Roethlisberger: No-huddle offense likely to make comeback vs. Seattle
Ravens linebacker Terrell Suggs knocks the ball out of quarterback Ben Roethlisberger's hands before he has a chance to throw a pass in the fourth quarter of the Steelers' season-opening loss.
Share with others:
Ben Roethlisberger experienced a rough day Sunday in Baltimore, one of the worst in his eight seasons with the Steelers. Even a broken nose his previous visit there felt better.
He tossed three interceptions and lost two fumbles, not counting another fumble on a botched handoff exchange with halfback Rashard Mendenhall. The Ravens sacked him four times for good measure as the Steelers absorbed a 35-7 thumping.
Roethlisberger had only five interceptions in the regular season last year. He has thrown seven in his past three games, counting the Super Bowl and AFC championship.
"I was talking to coach [Dick] LeBeau, and we used our mulligan on the first tee," Roethlisberger said. "We take our penalty stroke and we have 17 more holes to birdie.
"We just didn't come together, and I didn't play well. I think we're all entitled to a bad day now and then, and we move on."
One thing Roethlisberger promised to change against the Seattle Seahawks is the use of the no-huddle offense. The Steelers did not show it in Baltimore; they will Sunday in Heinz Field, he vowed.
"Yeah, I'll make sure of that. We need to. We didn't do it at all the last game. We kind of throw a lot of things out the window when you're getting killed like that. I know people are probably making a big deal that we didn't run the ball enough. I think we'll see [the no-huddle] this week."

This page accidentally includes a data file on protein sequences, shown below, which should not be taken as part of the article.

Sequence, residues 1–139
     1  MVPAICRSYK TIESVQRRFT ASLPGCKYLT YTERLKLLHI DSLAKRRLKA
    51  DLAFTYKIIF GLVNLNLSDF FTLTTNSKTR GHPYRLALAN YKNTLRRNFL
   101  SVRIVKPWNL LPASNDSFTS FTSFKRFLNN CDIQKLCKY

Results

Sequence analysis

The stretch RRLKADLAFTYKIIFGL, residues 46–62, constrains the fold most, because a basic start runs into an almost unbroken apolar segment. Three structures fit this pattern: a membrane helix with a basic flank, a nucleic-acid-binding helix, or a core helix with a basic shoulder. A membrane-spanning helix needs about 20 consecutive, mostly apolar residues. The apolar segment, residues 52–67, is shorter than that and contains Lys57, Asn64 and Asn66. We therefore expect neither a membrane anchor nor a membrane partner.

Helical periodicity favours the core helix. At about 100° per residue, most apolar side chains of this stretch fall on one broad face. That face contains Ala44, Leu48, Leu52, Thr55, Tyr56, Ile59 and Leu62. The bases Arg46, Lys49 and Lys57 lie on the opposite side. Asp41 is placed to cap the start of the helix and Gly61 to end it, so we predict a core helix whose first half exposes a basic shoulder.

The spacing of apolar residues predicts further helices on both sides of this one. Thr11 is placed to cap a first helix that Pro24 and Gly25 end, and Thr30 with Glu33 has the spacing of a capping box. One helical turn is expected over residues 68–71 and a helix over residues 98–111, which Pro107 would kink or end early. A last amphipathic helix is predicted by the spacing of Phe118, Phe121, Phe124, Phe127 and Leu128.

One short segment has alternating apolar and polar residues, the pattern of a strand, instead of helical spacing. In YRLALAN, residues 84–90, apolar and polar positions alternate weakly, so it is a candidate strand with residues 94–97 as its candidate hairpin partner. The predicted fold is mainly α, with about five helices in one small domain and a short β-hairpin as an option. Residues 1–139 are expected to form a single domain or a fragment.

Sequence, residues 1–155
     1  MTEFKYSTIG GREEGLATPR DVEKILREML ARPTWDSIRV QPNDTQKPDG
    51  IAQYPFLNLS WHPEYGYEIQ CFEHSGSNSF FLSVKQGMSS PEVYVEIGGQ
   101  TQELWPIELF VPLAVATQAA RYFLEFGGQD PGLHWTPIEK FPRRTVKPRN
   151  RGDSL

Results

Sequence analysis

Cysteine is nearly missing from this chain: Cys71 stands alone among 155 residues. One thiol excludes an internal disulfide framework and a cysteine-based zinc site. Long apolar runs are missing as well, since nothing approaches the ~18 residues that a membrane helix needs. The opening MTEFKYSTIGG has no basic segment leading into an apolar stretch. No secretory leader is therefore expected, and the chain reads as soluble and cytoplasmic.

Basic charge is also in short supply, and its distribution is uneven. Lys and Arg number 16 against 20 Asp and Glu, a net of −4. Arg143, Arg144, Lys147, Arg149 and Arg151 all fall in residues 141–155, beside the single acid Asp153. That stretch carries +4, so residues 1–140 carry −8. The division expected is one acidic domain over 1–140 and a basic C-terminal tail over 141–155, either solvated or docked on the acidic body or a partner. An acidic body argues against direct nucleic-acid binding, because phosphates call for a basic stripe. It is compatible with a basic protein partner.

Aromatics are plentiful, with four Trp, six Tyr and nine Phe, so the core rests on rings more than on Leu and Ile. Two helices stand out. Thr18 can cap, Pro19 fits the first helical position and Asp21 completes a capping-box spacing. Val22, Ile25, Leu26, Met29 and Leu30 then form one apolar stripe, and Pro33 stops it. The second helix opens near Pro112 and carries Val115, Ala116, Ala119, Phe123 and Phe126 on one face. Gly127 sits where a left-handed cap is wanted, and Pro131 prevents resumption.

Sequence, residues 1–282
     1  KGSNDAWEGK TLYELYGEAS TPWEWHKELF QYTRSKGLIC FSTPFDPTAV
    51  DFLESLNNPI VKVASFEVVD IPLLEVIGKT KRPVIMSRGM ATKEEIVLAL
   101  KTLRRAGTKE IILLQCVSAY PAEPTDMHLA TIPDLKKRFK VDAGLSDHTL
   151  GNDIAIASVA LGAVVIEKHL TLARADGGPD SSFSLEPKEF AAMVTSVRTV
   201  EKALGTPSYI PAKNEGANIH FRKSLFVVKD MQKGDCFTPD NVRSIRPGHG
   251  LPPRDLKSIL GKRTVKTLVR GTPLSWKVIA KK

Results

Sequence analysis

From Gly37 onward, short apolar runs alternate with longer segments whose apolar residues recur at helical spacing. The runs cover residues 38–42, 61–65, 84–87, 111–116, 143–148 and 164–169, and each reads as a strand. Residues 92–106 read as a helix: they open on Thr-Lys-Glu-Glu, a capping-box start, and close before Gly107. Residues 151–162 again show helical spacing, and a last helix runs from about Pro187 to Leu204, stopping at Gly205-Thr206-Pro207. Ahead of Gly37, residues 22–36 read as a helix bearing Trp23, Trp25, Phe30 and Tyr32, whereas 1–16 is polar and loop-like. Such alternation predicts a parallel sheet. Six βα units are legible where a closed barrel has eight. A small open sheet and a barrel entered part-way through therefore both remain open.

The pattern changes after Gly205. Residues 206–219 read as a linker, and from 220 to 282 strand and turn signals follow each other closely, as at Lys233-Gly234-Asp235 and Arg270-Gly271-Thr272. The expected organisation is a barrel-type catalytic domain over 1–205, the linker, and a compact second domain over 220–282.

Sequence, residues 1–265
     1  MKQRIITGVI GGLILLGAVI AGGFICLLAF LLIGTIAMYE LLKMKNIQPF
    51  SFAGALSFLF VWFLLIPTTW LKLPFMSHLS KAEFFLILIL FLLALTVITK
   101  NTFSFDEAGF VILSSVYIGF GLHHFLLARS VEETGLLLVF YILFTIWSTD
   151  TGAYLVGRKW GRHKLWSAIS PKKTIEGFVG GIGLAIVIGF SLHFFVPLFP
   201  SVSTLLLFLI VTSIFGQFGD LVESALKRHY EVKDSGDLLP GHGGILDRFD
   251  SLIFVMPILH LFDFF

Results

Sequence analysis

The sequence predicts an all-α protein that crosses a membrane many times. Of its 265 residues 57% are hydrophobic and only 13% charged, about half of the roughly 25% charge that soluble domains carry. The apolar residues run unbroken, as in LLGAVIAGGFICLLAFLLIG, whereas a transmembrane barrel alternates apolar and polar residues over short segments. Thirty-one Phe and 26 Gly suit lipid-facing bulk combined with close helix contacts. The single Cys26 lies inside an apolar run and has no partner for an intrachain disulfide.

Casey Hampton did not complain, but he did confirm what his teammates had been saying -- that Baltimore targeted the Steelers Pro Bowl nose tackle with illegal chop blocks for much of the game Sunday.
An illegal chop block occurs when an offensive player engages a defensive player -- blocking him, usually straight up -- while another offensive player comes in to block the defensive player below the waist.
It is considered one of the most dangerous blocks, which is why it has been illegal for a long time. A defensive player's knees are more vulnerable to severe injury in such a double-team.
Linebacker Lawrence Timmons blew the whistle on the Ravens Tuesday night on his WDVE radio show, and Hampton and linebacker James Farrior confirmed it. Hampton said Baltimore center Matt Birk and the Ravens' two guards, Ben Grubbs and Marshal Yanda, were using the illegal blocks all day. He said he did not complain to the officials about it.
"It is what it is, I don't cry about stuff like that," Hampton said.
"They were doing it a lot or trying to do it a lot. At times, I got out of it. It's kind of tough when you're engaged with a guy, and you're not even worried about the guard and they come and just chop your legs out. That's kind of tough. There's nothing you can do about that."
No penalties were called on the Ravens for illegal chop blocks.